Also, display this next point in the corner of the screen (under your personal story) at all times:

6. Daily zones. Now we're getting into more ambitious things. It's time to really create a dynamic world. Each day 1 or 2 zones could become event hubs. Balefire means business today and made a pact with the ogres to attack Ebonhawke! The entire area turns into a warzone. You know, the Charr are really attacking. Basically, turn the area into Cursed Shore + difficulty scaling (#2).

Hearts are disabled (Farmer Joe doesn't really care about shooing away the gryphons from this cabbage when THE CHARR ARE ATTACKING). All regular events that fit the war theme are enabled with a majorly increased frequency (remember, we reduced it in #3 and increased the total number of events). There are additional events active: every outpost gets assaulted on a regular basis and after a successful defense, there are events to march out and take down a champ or recapture a lost outpost. Again, this is all just copy/paste stuff (#3). Optimize the templates and then make more events!

As a bonus, drops of zone-specific rewards are doubled for the day when that area is a warzone.

As a second bonus, if a critical number of events is failed during the day (this could be a rather high threshold), the zone is under Flame Legion's control for next 1-3 days, every waypoint is disabled, you still can't do hearts in it (Farmer Joe is dead, his head is on a spike, and so are the cabbage-loving gryphons), and after these 3 days, the map becomes a warzone for the day again. Same events are running with the aim of recapturing it. This time it can't fail.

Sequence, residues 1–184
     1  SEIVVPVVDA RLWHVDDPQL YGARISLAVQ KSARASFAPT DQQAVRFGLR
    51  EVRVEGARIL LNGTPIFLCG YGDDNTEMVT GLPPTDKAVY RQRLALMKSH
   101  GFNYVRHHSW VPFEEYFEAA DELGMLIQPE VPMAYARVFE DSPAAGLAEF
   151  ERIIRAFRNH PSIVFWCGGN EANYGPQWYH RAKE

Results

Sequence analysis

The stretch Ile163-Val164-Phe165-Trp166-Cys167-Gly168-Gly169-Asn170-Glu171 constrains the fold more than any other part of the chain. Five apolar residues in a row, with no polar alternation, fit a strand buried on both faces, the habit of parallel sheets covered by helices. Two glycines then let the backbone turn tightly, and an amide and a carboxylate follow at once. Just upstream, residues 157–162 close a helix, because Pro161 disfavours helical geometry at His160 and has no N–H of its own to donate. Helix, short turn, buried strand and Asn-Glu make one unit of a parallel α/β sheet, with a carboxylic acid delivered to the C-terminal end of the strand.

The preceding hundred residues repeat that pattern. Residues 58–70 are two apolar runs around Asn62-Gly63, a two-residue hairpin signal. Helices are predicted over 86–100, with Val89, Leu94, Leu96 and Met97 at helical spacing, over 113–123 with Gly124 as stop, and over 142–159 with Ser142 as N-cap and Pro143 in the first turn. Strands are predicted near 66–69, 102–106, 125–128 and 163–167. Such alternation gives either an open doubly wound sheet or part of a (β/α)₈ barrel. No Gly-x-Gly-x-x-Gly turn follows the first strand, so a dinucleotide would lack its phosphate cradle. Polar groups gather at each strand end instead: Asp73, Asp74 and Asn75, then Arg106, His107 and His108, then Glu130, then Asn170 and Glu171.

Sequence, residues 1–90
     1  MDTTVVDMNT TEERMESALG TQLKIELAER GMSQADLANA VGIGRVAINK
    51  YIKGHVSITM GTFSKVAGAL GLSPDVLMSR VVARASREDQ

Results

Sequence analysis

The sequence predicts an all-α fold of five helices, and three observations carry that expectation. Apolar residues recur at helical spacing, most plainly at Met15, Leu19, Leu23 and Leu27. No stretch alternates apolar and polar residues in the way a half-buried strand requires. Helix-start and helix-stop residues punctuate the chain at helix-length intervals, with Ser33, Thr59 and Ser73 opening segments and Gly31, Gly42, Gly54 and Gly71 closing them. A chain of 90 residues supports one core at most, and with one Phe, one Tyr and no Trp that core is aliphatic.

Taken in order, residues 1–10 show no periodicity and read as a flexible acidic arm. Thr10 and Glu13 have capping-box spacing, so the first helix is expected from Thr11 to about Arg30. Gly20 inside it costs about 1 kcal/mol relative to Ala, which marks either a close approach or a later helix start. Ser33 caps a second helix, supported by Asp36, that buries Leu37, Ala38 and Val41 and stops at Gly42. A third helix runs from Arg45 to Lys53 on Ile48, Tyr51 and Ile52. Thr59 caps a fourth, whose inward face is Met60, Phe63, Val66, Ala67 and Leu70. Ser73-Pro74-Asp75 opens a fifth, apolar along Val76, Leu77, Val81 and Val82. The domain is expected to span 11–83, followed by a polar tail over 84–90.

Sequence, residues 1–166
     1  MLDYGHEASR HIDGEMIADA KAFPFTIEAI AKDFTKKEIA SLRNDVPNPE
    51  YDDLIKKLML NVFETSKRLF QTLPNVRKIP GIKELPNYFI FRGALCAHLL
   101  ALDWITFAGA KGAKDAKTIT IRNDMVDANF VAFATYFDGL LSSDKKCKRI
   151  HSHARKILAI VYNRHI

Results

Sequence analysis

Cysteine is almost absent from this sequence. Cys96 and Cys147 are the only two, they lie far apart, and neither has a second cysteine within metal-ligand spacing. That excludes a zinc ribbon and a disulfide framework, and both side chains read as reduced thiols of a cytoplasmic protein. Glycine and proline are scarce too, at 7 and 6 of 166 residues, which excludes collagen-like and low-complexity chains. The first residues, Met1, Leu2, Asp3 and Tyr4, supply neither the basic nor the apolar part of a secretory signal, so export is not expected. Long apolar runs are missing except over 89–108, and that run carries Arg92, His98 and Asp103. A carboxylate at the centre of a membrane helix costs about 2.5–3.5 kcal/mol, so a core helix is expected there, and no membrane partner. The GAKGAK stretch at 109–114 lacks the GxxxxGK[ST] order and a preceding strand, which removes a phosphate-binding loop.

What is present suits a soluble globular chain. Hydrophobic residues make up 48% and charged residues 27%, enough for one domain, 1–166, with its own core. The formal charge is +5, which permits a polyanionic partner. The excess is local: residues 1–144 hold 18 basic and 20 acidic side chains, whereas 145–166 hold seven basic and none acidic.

7. Live GMs. All of the above would do a good job of making the world appear dynamic, as it was advertised in the beginning, but dedicated game-masters controlling the world would make it REALLY dynamic. Provided there's a good framework for creating events (#3), anet could expand it to create events out of pre-set pieces on the fly. Starcraft's map editor did it in 1999 by allowing you to create custom missions using building blocks already provided with the game, why can't we do it on a live server in 2013? This outpost is getting attacked by X waves, each one consisting of Y mobs for Z minutes. Oh and there's a dragon at the end, which I'm going to personally control and target people with it. Go!

A GM per server or even 1 GM per few servers could further spice up the "daily areas" and add an occasional special event to other places in the world. And once again, I don't mean "occasional" and "special" a la brand-new invisible precursor-dropping crabs that take months of development for one night of lag. No, "special", as in, there will be a unique event somewhere a few times per day that's not part of the game's default package. You know, something new.


Well, that's pretty much it. A game like this would almost certainly keep me playing for years, paying a sub fee, and buying all the expansions. (Provided those expansions also expanded the above model).